Linguistic and Community Barriers can Hinder Parental Involvement for English Language Learning Students
Scholarly literature, “Exploration of ELL Parent Involvement Measured by Epstein’s Overlapping Spheres of Influence” (Walker, 2017) and “School Counselors as Social Justice Leaders: An Innovative School–Family–Community Partnership With Latino Students and Families” (Betters-Bubon and Schultz, 2018) examine the benefits to English Language Learner (ELL) children when their parents are involved in their communities and education.
Under current educational structures, “many ELLs enter U.S. schools lacking the educational skills that are typically acquired by non-ELL students before the onset of formal education” (Walker, 2017, p. 7-8). Thus, parental involvement is particularly essential for ELL students, who need additional support to do well in a system that is not designed for them to thrive. However, the educational setbacks faced by ELL students are in part due to the educational and linguistic barriers their own parents faced: “parents whose native languages are not English are not likely to attend school meetings or school events and are the least likely to volunteer in schools”(Walker, 2017, p. 10) as many schools have yet “to develop culturally inclusive forums for parents and schools to connect with one another”(Betters-Bubon and Schultz, 2018, p. 1). The exclusion of ELL parents hurts ELL students who already face disadvantages.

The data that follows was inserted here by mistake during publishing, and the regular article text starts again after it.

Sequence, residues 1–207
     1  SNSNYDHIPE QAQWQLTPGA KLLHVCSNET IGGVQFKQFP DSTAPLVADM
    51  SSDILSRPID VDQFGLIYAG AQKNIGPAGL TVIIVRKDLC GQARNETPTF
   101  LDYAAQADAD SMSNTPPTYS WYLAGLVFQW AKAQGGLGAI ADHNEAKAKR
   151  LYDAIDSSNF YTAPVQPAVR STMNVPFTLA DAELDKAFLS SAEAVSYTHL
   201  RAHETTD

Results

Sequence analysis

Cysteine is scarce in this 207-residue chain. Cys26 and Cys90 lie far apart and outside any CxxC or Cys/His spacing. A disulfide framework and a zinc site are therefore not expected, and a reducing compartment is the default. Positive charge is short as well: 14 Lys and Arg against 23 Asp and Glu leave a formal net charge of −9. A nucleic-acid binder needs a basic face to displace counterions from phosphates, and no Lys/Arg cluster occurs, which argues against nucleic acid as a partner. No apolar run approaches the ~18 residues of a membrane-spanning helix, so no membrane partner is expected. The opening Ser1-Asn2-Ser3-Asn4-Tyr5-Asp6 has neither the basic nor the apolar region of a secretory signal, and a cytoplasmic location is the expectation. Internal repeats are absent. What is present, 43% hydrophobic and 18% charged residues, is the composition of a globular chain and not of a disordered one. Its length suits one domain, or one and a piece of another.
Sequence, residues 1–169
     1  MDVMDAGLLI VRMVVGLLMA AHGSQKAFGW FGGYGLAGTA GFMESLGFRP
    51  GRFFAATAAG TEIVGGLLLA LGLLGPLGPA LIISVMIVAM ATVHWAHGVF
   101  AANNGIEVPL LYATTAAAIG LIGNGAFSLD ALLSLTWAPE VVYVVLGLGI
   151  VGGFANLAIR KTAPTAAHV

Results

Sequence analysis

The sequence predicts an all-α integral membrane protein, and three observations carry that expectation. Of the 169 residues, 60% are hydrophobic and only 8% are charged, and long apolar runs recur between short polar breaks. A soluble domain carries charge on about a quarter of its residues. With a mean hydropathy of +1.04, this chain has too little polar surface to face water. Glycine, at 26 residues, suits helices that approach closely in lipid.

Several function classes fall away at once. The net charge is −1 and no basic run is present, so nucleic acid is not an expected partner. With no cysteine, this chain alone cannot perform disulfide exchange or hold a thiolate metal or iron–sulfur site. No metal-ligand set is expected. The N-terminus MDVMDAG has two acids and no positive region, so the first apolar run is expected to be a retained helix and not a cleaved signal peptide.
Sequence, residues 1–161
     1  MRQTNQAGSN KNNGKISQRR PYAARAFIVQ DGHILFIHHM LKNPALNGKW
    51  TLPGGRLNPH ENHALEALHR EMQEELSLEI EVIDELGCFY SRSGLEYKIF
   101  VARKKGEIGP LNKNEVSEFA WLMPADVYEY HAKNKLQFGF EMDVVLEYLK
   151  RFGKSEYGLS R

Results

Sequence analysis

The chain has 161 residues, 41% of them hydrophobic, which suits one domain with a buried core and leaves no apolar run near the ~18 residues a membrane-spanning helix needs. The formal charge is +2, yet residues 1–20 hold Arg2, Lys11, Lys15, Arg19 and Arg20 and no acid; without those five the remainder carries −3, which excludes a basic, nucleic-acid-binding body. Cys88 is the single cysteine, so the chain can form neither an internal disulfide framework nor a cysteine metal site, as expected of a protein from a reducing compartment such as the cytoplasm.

However, once community spaces that are linguistically accessible and actively encouraged are created, ELL parental involvement increases dramatically: after introducing a homework club that “moved beyond homework help to include systemic interventions to affect the achievement gap” for ELL students that focused on parental involvement, “communication increased between parents of our ELL bilingual students and teachers” (Betters-Bubon and Schultz, 2018, p. 6; Betters-Bubon and Schultz, 2018, p. 5). The study highlights that it is not for lack of want that ELL parents do not participate in their children’s education, rather a linguistic barrier made more difficult by a sense of omission by the school’s community. Once these barriers are eliminated, parents can take a more active role in their child’s education to the benefit of everyone involved.
The positive implications of parental involvement in a child’s education are endless. It is difficult for students, especially ones who are systematically disadvantaged to begin with, to succeed when they have neither external support from parents, nor internal understanding from schools. Connecting ELL parents to schools through community partnerships is an important step to helping ELL students succeed.
Walker, S. A. (2017). Exploration of ELL Parent Involvement Measured by Epstein’s Overlapping Spheres of Influence. Retrieved from https://search-proquest-com.ezproxy.bowdoin.edu/docview/1938253621?pq-origsite=summon
Betters-Bubon, J. J., Schultz, J. W. (2017). School Counselors as Social Justice Leaders: An Innovative School–Family–Community Partnership With Latino Students and Families. Professional School Counseling. Retrieved from https://journals-sagepub-com.ezproxy.bowdoin.edu/doi/10.1177/2156759X18773601?icid=int.sj-related-articles.similar-articles.27#articleCitationDownloadContainer